I am often asked if there are any things that stick out in particular that I miss about driving diesel-powered trucks.  I would be lying if I said that there weren't at least a couple things.  One of the main things I miss is being able to go a week without having to fill up my truck with fuel running locally around L.A.  Even with the challenge of having to fill up my truck every 2 to 3 days, I find it easier to focus on the things I do not miss when I was driving a diesel-powered truck.  It is easy for the positive features to overshadow the negatives of my CNG truck, since things such as volatile fuel prices, DPF regens, DEF fluid, and long fuel island waits are pretty much a thing of my past!
This stunning revelation of thought occurred to me this past week during two separate occasions fueling at a site that is new to me.  I have changed my home operating terminal since becoming an independent and moved it closer to where I live, causing me to have now mapped out a few new stations to fuel at. This particular new station was larger than I had become accustomed to while fueling CNG in the past, with eight fueling nozzles each pumping out 3600 psi of compressed natural gas.  The exact moment of realizing some of the things I do not miss about driving a diesel-powered truck came to me when I noticed just how crowded with customers this station was.  As you can see from the pictures, I did not have to wait behind any other trucks fueling in front of me or get stuck behind someone taking their 30-minute lunch break while parked at the fuel island!  As are matter-of-fact, of my two separate visits to the station last week, I encountered only two other vehicles on the first visit and then none on the second.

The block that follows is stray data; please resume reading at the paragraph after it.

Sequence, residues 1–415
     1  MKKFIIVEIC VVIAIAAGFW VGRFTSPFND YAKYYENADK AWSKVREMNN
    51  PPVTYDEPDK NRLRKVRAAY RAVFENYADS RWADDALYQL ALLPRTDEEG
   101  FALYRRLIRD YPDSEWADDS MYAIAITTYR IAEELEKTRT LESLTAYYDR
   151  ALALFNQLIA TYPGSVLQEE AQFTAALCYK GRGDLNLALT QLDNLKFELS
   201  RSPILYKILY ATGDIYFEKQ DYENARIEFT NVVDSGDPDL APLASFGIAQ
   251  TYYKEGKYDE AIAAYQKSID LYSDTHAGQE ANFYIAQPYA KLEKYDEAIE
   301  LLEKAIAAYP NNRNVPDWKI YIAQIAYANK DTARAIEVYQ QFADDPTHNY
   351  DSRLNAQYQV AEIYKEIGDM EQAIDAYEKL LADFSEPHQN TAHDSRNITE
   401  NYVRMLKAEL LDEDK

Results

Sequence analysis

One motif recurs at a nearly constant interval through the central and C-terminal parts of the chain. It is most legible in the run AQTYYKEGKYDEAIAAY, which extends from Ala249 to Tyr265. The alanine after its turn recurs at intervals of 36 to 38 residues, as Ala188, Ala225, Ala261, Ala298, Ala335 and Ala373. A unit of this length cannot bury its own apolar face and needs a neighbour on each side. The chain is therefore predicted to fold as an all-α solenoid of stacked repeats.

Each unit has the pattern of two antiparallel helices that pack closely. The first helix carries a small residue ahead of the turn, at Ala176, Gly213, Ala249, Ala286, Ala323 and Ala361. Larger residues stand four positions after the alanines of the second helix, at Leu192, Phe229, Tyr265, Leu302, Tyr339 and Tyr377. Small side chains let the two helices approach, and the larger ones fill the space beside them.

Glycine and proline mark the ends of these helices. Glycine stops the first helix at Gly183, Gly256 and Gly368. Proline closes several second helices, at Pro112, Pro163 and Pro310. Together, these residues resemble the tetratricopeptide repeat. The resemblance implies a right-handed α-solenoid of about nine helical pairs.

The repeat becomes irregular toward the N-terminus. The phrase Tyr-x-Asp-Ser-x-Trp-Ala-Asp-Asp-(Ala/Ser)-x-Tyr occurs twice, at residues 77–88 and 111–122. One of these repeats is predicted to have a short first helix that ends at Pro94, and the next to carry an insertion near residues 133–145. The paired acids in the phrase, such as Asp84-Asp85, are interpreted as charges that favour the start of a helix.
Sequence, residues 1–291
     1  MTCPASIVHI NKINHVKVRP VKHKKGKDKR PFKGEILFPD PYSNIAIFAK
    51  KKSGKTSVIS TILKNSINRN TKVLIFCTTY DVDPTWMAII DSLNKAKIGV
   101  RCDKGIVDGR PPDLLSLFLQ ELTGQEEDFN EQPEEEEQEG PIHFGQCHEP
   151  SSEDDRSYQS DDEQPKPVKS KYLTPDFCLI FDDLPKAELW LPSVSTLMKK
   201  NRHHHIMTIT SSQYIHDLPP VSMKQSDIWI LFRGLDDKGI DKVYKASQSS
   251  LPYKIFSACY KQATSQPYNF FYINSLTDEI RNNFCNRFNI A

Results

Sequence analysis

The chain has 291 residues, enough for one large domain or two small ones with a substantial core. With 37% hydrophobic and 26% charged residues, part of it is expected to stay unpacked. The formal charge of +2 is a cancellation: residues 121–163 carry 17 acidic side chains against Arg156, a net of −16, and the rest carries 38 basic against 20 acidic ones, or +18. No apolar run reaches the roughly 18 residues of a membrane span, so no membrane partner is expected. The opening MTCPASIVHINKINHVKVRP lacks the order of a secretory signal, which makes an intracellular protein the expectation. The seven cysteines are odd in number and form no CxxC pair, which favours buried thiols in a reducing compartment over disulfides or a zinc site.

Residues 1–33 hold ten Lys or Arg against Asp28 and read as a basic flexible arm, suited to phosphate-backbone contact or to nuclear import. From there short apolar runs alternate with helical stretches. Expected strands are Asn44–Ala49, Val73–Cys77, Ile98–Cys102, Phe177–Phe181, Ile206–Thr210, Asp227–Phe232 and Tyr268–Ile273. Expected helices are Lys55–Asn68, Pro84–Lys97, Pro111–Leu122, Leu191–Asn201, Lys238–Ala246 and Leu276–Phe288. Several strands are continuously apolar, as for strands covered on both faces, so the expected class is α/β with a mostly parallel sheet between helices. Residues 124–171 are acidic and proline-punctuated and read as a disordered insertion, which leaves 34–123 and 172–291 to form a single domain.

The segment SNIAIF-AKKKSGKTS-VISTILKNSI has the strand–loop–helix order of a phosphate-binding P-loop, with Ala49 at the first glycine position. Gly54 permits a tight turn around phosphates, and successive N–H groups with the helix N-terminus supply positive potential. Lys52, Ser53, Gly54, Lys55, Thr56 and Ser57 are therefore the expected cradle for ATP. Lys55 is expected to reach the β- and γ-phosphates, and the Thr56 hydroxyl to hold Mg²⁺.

In the eleven months I have been driving a CNG-powered Freightliner Cascadia, I have only had to wait for a fuel pump three times.  In the beginning, I thought a lot of my time was going to be wasted in the increased fueling frequency and CNG’s false reputation for taking forever to fuel.  Quite the contrary however, there has been no measurable impact on my bottom line from the need to fuel more often than my previous diesel-powered Freightliner.  Although the margin of profitability between CNG and diesel has been closed a little bit due to lower than average diesel prices, it still remains a profitable option for my operation.  Not to mention, diesel fuel really can’t be expected to stay at record low prices either!  Thinking back to all the time wasted in the past waiting in line for 15-20 minutes for an open fuel pump, only to have that same truck in front of me pull forward and park for another 20-30 minutes while they do who-knows-what in the truck stop, makes me realize just how fortunate I am to not have to deal with that scenario anymore.  The profitability is one major part of the CNG equation…the convenience is another part in itself!

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Jimmy Nevarez

Jimmy Nevarez is the Owner/President of Angus Transportation, Inc., based in Chino, California.  Jimmy pulls a 53' dry van hauling general dry freight for his own small fleet, operating on its own authority throughout all of Southern California and Southern Nevada.

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